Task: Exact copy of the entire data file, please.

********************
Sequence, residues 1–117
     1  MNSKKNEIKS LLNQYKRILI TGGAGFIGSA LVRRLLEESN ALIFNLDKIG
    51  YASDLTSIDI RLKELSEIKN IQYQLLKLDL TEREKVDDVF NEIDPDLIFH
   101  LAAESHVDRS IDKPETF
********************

Sequence, residues 1–117
     1  MNSKKNEIKS LLNQYKRILI TGGAGFIGSA LVRRLLEESN ALIFNLDKIG
    51  YASDLTSIDI RLKELSEIKN IQYQLLKLDL TEREKVDDVF NEIDPDLIFH
   101  LAAESHVDRS IDKPETF